The flu that everyone is talking about ravaged through the Carrier compound fast and hard last week. Thankfully, I have so far escaped the horrors that I've witnessed. Yes, I got my flu shot, we all did. But one person in our family still got so sick. Due to confidentially papers that I have signed, I cannot tell you who in the family got sick. But Dave, who is still home on winter break from college, and I are feeling great.
I will call our patient "001," since she is the first flu victim that we have treated. And the following is a log of what happened to 001 as she progressed through our latest real life medical drama "The Flu."
Jan. 14; 6:05 p.m.: 001 announced to anyone who would listen that she is feeling as if she is getting a cold. Later that evening, 001 had a color to her skin that resembled a green you wouldn't find in a box of 64 crayons. She started to have chills and was suddenly freezing. This is unusual for 001 since she is still menopausal, forcing the staff to freeze most of the time.
Jan. 15; 1:23 a.m.: Staff member awakened by a moan that only the deathly ill can make. Followed by a cough so severe that the staff member thought he was sleeping with Doc Holiday. A few hours later, 001 calls in sick to work. 001 is known around the house for her ability to always get to work, no matter how she is feeling. But 001 is wiped out. She was as sick as the staff has ever seen her.
Jan. 15; 10:35 a.m.: Staff member calls 001 while on break from work. He learns of body aches that resemble those felt by Lou Gehrig. Her voice is rough and smoky from the devil's cough. Staff member reported that he may have heard crying but it was the dog begging him to leave work and come home in case she needed to make any final arrangements. Yes, 001 was that sick.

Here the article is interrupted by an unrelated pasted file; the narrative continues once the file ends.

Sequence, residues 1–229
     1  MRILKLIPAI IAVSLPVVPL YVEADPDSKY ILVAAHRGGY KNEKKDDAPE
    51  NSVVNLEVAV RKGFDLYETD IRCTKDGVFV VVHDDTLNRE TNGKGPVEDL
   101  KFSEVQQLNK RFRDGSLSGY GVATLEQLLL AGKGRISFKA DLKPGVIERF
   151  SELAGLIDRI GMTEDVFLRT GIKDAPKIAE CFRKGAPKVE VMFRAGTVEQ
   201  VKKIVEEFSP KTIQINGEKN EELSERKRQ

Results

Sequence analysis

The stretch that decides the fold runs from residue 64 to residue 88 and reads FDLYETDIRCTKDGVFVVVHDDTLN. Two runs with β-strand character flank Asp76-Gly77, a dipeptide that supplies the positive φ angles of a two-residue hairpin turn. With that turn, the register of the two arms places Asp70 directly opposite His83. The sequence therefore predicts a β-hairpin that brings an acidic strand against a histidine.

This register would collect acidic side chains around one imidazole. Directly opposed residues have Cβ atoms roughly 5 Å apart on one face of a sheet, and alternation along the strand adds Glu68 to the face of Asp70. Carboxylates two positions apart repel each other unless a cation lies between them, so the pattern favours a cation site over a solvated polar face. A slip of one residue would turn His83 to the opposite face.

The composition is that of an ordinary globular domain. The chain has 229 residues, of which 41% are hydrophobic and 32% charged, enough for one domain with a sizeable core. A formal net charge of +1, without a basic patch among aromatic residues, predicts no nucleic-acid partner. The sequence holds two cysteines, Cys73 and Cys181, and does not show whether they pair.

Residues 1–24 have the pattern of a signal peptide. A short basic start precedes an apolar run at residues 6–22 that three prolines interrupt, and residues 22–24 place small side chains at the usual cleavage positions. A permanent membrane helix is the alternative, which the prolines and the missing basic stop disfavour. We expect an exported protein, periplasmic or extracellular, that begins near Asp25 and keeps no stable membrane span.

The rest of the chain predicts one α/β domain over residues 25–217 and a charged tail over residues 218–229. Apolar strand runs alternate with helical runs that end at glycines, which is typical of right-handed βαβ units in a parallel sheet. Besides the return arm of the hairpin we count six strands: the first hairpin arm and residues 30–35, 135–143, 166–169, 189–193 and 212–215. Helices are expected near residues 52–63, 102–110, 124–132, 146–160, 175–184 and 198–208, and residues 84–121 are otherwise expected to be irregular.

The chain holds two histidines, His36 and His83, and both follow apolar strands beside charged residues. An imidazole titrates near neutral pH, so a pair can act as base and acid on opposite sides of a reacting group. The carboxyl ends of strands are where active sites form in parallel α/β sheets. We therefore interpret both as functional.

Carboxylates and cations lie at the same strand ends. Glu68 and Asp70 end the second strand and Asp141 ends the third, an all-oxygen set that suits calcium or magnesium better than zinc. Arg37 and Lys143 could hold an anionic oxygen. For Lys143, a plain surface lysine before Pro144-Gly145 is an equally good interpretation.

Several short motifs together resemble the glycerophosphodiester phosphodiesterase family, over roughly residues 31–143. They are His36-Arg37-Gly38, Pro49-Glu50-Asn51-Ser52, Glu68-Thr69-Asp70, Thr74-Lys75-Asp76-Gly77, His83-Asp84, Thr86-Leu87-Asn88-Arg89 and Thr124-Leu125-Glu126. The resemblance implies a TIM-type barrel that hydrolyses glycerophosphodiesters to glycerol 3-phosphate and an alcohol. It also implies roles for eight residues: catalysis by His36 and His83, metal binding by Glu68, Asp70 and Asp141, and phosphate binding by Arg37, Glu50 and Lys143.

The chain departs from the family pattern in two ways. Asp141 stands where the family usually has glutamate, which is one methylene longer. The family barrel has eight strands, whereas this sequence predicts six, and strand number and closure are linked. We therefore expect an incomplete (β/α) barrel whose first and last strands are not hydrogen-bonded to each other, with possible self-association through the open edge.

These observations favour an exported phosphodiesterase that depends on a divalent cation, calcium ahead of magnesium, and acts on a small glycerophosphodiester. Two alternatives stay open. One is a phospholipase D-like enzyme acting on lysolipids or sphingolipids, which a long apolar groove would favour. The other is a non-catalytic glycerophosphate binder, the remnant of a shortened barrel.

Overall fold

Jan. 15; 4:10 p.m.: Back home from work, the first shift gives the second shift his report. Patient 001 is unresponsive and asleep in her bed. When awake, 001 is cursed by a range of symptoms, including chills, aches and pains and that cough that reminds one of a seal in the circus. She slept the whole night.
Jan. 16; 6:10 p.m.: Staff came home from work late. He was not in a good mood and found 001 still lounging around. Not knowing the flu is a 3- to 4-day thang, staff found that 001 was too weak and still too sick to get a rile out of her. She went back to bed and slept the whole night.
Jan. 17; 5:45 p.m.: Staff reports that 001 is still very ill. The aches and cough continue. However, she has turned badger-like mean as far as her mood is concerned. Staff goes to bed and sleeps the whole night.
Jan. 18; 7:20 p.m.: It's day four. Patient 001 is feeling a little better but she is still not 100 percent. She spends the day watching bad movies and is now quoting lines from that blockbuster, "Snakes on a Plane." It's at this point that the staff is checking 001's temperature to see if there has been a return of fever. This odd behavior is due to her illness. Where is the humanity?
Final report: 001 has slowly recovered and a full recovery is expected. There were very little medical bills since 001 refused any attempts to seek professional help. Even with the flu shot, 001 got sick, so be careful out there. It's the flu season, and it's a bad one this year.
Johnnie Carrier is a freelance writer who is no doctor but knows gas better than an anesthesiologist.